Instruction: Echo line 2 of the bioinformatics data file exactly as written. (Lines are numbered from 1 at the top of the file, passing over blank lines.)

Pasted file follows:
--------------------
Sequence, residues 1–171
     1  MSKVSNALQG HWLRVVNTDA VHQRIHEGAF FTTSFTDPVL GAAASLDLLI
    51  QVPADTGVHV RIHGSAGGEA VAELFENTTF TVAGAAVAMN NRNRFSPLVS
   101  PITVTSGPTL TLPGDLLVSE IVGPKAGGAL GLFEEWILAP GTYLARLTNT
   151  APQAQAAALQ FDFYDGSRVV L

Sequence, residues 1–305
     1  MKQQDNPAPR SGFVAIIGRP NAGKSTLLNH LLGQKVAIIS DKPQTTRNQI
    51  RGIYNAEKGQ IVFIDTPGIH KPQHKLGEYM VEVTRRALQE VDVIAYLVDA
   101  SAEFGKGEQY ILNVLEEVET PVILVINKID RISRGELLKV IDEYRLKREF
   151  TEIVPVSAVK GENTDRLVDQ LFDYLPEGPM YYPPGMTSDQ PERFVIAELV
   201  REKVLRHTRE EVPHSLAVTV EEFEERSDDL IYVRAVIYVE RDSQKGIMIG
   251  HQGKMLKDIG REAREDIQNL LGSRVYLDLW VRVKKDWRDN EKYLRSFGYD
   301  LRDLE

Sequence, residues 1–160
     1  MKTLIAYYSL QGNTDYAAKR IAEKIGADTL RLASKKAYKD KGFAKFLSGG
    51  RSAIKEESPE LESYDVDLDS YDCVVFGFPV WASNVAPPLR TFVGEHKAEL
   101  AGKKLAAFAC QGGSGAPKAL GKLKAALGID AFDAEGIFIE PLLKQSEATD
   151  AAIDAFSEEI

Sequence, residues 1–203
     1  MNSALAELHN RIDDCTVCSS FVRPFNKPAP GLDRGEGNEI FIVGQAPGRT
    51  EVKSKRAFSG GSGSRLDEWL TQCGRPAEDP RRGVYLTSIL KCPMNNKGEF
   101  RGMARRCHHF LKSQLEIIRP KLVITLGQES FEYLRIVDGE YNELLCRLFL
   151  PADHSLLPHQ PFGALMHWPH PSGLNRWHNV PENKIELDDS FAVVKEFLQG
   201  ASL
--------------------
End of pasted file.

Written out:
     1  MSKVSNALQG HWLRVVNTDA VHQRIHEGAF FTTSFTDPVL GAAASLDLLI